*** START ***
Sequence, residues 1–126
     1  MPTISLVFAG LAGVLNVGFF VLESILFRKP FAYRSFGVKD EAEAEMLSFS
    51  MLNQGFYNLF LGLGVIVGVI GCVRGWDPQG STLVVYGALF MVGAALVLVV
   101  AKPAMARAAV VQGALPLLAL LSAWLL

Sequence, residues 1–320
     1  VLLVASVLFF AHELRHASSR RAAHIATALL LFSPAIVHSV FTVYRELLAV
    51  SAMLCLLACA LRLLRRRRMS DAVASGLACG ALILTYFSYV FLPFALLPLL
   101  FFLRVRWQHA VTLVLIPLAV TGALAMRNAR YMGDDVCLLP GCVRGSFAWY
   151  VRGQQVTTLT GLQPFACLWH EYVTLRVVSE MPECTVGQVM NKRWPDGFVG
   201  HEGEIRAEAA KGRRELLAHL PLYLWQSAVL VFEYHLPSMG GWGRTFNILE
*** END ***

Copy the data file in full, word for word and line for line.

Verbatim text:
Sequence, residues 1–126
     1  MPTISLVFAG LAGVLNVGFF VLESILFRKP FAYRSFGVKD EAEAEMLSFS
    51  MLNQGFYNLF LGLGVIVGVI GCVRGWDPQG STLVVYGALF MVGAALVLVV
   101  AKPAMARAAV VQGALPLLAL LSAWLL

Sequence, residues 1–320
     1  VLLVASVLFF AHELRHASSR RAAHIATALL LFSPAIVHSV FTVYRELLAV
    51  SAMLCLLACA LRLLRRRRMS DAVASGLACG ALILTYFSYV FLPFALLPLL
   101  FFLRVRWQHA VTLVLIPLAV TGALAMRNAR YMGDDVCLLP GCVRGSFAWY
   151  VRGQQVTTLT GLQPFACLWH EYVTLRVVSE MPECTVGQVM NKRWPDGFVG
   201  HEGEIRAEAA KGRRELLAHL PLYLWQSAVL VFEYHLPSMG GWGRTFNILE